Good morning on this beautiful morning at the Home Office in Gretna, Nebraska. It’s sunny and a little breezy today, just perfect for venturing out to our neighbor’s garage sale. I hope they sell everything they don’t love as much and people who buy appreciate their new treasures. Hadley and Connie are wonderful people, and we will miss them so much.
Life offers us so many comings and goings. Some are harder than others. Others are just, “Let’s get together . . . ” and often times we don’t follow through. We need to follow through so we don’t have regrets later on. We all need to. This time of pandemic and pandemonium opened up our eyes, I hope. Those kiddos are never going to be this age again. This is one of the eighteen summers you get with your child before they may leave home for college, the military, or a job. Eighteen sounds like a lot, but trust me, it’s not. It’s so few in the grand scheme of things. It’s a lot of snacks, “Mom, I’m bored,” statements, and back to school shopping.
I loved back to school shopping. When I was a kid, it was the time of a fresh box of crayons, pencils, and new erasers. Other things, too. New underwear. We did not have a clothes dryer until I was a sophomore in high school, or a junior, and Mom hung all laundry on the line to dry. I loved brand new socks, they were so soft, and would never be so again, at least until we finally got a clothes dryer. It may not sound like much, but these things made an impact on our lives, and we have probably forgotten about how lucky we are, with all these modern conveniences.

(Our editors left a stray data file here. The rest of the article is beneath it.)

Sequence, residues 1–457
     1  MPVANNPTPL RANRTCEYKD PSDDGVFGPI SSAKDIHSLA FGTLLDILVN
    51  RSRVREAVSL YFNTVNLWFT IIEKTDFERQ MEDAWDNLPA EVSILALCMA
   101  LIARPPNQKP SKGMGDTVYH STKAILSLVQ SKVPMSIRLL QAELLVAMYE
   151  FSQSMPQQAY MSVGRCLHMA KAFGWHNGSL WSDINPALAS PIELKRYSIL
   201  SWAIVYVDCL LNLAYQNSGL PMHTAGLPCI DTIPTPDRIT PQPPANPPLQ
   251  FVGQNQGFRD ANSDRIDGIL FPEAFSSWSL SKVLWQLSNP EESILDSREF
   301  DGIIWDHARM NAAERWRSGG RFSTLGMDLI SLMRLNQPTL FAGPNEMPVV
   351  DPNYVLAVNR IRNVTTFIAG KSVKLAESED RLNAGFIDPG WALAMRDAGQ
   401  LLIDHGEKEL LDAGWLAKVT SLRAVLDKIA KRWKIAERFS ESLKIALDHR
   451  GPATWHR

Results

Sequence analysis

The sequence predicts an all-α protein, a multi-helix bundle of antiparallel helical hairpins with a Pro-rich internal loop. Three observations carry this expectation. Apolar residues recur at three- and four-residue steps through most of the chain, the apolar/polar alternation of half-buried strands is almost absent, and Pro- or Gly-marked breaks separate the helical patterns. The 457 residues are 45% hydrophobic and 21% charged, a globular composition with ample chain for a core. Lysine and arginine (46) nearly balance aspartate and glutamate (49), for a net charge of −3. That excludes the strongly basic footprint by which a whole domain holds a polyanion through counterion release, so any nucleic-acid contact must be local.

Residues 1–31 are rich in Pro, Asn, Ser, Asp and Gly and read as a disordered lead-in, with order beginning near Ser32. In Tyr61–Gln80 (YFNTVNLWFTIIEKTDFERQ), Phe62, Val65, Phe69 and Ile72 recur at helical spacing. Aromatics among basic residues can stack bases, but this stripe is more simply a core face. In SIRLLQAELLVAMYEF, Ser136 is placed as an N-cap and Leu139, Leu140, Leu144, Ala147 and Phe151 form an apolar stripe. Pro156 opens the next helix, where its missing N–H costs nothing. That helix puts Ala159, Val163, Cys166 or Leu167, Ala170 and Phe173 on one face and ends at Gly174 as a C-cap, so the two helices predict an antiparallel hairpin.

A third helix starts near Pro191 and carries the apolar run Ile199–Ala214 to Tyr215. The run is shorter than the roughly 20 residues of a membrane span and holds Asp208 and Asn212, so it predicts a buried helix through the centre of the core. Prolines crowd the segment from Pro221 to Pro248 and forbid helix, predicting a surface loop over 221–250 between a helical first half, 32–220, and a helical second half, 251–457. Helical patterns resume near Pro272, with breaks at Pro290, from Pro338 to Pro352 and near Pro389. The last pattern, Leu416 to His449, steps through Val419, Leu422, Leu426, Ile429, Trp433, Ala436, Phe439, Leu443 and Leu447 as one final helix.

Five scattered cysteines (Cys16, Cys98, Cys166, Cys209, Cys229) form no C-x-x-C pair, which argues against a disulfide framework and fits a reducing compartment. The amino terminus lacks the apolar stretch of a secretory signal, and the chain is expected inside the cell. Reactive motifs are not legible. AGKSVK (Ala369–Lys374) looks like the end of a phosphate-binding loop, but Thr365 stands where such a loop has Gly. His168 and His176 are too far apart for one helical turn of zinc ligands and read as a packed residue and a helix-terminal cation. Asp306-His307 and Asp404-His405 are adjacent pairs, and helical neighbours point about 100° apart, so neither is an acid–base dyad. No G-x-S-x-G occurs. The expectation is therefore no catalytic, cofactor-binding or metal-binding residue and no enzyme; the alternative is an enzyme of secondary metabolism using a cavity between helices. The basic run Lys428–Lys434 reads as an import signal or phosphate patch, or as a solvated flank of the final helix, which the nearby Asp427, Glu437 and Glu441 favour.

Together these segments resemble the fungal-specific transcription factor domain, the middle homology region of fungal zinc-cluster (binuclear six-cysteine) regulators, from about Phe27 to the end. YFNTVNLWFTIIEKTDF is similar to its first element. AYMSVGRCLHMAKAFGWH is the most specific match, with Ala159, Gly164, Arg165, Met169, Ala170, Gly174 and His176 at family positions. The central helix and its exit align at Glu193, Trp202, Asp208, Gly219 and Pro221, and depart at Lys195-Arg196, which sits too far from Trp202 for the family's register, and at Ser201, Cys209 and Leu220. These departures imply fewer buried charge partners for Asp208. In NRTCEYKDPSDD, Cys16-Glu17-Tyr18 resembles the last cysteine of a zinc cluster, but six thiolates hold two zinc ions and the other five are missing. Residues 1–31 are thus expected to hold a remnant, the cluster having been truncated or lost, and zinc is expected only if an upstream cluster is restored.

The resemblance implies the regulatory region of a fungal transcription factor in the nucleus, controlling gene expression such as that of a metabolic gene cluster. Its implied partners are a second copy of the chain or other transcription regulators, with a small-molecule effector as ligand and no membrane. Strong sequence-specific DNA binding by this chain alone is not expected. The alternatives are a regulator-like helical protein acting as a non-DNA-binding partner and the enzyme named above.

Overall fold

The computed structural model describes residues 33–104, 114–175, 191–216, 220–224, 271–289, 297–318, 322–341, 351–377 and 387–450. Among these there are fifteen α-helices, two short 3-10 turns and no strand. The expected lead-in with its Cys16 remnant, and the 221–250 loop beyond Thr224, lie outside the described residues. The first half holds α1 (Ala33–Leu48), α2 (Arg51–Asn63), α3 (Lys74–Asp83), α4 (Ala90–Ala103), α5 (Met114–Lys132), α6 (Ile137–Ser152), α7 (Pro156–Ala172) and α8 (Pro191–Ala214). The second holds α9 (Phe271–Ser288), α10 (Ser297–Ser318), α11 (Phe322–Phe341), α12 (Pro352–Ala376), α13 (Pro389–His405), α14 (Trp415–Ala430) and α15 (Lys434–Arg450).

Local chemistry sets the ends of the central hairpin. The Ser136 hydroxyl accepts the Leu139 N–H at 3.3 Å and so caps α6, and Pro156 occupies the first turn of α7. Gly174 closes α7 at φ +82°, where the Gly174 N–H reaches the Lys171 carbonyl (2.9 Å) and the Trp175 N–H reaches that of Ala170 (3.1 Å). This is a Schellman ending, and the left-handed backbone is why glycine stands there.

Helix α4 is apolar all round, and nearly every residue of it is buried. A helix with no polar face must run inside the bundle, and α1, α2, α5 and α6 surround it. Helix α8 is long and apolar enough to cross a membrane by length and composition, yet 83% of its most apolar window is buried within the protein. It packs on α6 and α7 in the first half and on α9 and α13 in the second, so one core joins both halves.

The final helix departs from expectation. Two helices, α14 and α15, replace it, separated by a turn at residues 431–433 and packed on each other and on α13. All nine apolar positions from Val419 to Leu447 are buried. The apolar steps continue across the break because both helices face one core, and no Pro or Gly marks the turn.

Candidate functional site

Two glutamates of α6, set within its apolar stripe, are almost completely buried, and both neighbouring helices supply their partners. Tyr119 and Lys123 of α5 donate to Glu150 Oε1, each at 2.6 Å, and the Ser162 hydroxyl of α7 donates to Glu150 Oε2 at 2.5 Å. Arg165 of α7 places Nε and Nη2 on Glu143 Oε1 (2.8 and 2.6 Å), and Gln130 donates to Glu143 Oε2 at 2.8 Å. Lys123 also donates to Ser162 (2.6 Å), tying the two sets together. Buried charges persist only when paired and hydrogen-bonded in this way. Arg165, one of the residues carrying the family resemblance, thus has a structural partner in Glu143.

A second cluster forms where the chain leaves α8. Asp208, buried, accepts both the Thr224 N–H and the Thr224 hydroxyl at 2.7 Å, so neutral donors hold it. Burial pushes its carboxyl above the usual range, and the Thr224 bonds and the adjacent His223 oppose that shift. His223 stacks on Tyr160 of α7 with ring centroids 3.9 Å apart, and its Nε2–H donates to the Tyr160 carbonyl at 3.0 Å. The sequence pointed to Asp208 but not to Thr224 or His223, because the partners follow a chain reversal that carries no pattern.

That said, although we were financially challenged, I miss shopping for my kids, too. It was fun to see what they’d like to wear the next year for school. Oldest son was always jeans and black concert t-shirts. I think he’s still the same fashion maven today. Younger son, was preppy in his time at Westside. He’s been a sharp dresser all his life. Daughter? In late elementary and early middle school, jeans, sweaters, the usual. When high school was on the horizon, it was the gothic look. Wow. It was different.
I let them express their individuality in school clothes. They knew there was a different level for appropriateness for family functions, funerals, weddings, etc. As a parent, it’s important to pick your battles. We wore uniforms to school, so I never had a choice. Whenever a day to wear regular clothes to school came alone, no one knew what to wear. By the time I was a senior, I sewed most of my clothes, so I was able to get creative.
All of this aside, this day marks the thirteenth anniversary of the day my brother’s wife died. Laura was such a beautiful woman. She had a heart full of love for her family, her kids and grandkids, and especially for my brother, Tim. After all the years of being the only girl, I was happy when she joined our family. Her time here was too short. She died so young, it was a terrible loss to everyone, especially her immediate family. We spent a lot of time together while she was ill, and I’m glad for every minute I could help her be less afraid. We had many hours of talking, laughing, and praying. I remember her tremendous spirit. It’s still with us.
Today, I’m starting my next homework for my novel. It’s amazing how it’s changed, grown, and morphed into something entirely different in the past year. How silly I was at 40K words, thinking I could find an editor! Hahaha! Live and learn. It’s like giving birth, being almost ready to push, then go back to timing contractions because it was a false alarm. I may birth an elephant at this rate!
We don’t have any specific plans for the weekend yet, and even if it’s spent at home with our dogs, it’ll be a good one. We’re behind on Yellowstone, so I’d like to watch the last episode sometime. I find it to be a very good story, the plotline is amazing. I’d love to see it written all out, and study some of the things I’ve learned with Sam, my writing coach.
Thank you for reading on this super hot day. The dogs and I are staying in from the heat, and getting creative this afternoon. Hope you have a good weekend. I’ll see you here again tomorrow, be safe. Wear your mask, Wash up. Whatever they’re saying, don’t protest, attend a political rally, or anything silly. Keep your germs away from others and I’ll do the same.